Pursuing deep thinking, social courage, moral imagination and joy, to renew inner life, outer life, and life together.

The On Being Project is a media and public life initiative. We make a public radio showpodcasts, and tools for the art of living. Six grounding virtues guide everything we do. We explore the intersection of spiritual inquiry, science, social healing, community, poetry, and the arts. Learn more about what animates us — and what we’re making now and next — in this booklet: What is The On Being Project?

Ta-Nehisi Coates says we must love our country the way we love our friends — and not spare the hard truths. “Can you get to a place where citizens are encouraged to see themselves critically, where they’re encouraged to see their history critically?” he asks. Coates is a poetic journalist and a defining voice of our times. He’s with us in a conversation that is joyful, hard, kind, soaring, and down-to-earth all at once. He spoke with Krista as part of the 2017 Chicago Humanities Festival.

Ratatouille is a Pixar feast. The tale of Remy, a rat who dreams of becoming an excellent chef, is a delight to experience in all five senses. One particular character — Anton Ego, the restaurant critic — brings A. O. Scott back to the heart of his own work as a New York Times’ chief film critic. He says Ratatouille changed how he understands the work of criticism. This conversation is not just about food; it’s a reminder to return to our love for our craft — whether that’s food, movies, or something else altogether.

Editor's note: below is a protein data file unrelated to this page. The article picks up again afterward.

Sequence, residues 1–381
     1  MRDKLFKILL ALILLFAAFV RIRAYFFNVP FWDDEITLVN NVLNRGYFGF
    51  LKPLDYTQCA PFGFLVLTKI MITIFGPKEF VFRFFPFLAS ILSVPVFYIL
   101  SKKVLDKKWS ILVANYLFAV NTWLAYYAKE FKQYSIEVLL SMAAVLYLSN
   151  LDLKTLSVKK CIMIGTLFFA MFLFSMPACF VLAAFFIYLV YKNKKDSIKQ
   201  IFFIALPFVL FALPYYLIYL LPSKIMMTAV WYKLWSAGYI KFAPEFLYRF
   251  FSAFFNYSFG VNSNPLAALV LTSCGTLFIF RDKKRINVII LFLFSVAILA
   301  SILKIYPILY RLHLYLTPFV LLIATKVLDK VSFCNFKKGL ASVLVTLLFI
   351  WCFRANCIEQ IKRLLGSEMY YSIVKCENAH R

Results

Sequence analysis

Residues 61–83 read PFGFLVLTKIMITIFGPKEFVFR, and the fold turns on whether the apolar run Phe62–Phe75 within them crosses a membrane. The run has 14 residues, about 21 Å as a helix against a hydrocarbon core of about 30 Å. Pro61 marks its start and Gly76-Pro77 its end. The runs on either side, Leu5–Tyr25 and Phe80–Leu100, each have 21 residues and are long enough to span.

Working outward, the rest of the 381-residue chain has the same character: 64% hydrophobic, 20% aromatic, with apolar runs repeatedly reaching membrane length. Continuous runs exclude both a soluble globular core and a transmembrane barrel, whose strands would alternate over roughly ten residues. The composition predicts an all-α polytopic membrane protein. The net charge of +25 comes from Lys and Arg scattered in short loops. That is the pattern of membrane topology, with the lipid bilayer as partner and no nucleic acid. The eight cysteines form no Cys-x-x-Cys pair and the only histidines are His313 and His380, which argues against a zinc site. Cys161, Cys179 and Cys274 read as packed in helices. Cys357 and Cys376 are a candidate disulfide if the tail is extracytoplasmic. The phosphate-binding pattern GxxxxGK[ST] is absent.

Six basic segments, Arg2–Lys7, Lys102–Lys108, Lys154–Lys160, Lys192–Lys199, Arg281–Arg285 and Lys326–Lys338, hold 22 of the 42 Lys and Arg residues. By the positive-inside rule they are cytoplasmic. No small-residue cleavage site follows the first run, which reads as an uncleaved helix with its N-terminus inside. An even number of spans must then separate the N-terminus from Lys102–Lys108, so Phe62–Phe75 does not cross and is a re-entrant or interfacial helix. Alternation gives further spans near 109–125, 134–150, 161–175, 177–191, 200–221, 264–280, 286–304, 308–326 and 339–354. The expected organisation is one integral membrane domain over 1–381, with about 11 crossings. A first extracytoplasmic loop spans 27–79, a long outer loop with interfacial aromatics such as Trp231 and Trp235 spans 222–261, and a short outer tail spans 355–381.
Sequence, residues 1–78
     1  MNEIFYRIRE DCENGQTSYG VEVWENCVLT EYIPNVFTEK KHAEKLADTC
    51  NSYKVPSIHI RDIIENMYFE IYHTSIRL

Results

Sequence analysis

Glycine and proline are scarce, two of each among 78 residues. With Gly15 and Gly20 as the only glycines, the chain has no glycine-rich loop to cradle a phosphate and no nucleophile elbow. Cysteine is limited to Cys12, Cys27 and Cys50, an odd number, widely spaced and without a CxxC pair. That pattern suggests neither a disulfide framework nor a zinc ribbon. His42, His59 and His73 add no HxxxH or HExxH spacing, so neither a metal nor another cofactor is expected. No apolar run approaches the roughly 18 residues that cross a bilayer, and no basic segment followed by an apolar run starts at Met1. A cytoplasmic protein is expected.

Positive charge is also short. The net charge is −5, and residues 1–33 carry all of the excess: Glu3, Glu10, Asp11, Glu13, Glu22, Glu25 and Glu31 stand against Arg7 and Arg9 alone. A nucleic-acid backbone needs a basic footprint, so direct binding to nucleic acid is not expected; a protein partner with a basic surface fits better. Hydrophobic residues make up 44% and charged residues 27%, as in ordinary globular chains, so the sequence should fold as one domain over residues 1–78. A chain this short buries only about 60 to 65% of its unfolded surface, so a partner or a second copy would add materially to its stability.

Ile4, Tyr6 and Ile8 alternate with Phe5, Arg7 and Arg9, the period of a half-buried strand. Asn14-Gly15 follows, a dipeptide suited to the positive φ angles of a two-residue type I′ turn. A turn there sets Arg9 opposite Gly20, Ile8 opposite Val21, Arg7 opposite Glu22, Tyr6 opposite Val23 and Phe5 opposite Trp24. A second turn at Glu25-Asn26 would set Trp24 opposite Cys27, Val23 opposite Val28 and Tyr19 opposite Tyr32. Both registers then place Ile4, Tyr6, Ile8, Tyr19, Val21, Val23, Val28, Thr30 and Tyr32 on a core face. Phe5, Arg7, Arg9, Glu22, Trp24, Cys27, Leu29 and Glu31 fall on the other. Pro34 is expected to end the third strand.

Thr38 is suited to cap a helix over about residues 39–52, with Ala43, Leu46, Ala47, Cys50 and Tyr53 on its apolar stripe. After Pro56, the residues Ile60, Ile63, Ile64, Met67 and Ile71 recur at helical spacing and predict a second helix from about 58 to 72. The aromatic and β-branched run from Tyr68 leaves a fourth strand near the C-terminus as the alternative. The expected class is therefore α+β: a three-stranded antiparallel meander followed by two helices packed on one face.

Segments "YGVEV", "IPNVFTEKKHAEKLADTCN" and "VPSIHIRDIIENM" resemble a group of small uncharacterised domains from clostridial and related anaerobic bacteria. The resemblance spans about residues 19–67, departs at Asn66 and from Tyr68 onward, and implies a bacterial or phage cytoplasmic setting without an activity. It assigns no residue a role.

Movies can be whimsical, terrifying, life-altering, culture-changing experiences where the big ideas we take up at On Being show up in the heart of our lives. This hour we experience this through seven lives and seven movies — from The Wizard of Oz and Black Panther to The Exorcist. Get out the popcorn for this upcoming flavor of the new season of our On Being Studios podcast This Movie Changed Me — a love letter to movies and their power to teach, connect, and transform us.

Groundhog Day is a classic movie for two groups of people: Bill Murray fans and anyone who was alive in the ’90s. But writer Naomi Alderman falls into a wholly different category of fandom. The author of The Power first watched Groundhog Day when she was 18 and has seen it dozens of times since then. She says the movie has offered her solace in moments of existential angst and helped her devise a routine for the times when she’s stuck in a rut.

Acoustic ecologist Gordon Hempton collects sounds from around the world. He’s recorded inside Sitka spruce logs in the Pacific Northwest, thunder in the Kalahari Desert, and dawn breaking across six continents. An attentive listener, he says silence is an endangered species on the verge of extinction. He defines real quiet as presence — not an absence of sound but an absence of noise. We take in the world through his ears.

We were made and set here, the writer Annie Dillard once wrote, “to give voice to our astonishments.” Katy Payne is a renowned acoustic biologist with a Quaker sensibility. She’s found her astonishment — and many life lessons — in listening to two of the world’s largest creatures. From the wild coast of Argentina to the rainforests of Africa, she discovered that humpback whales compose ever-changing songs and that elephants communicate across long distances by infrasound.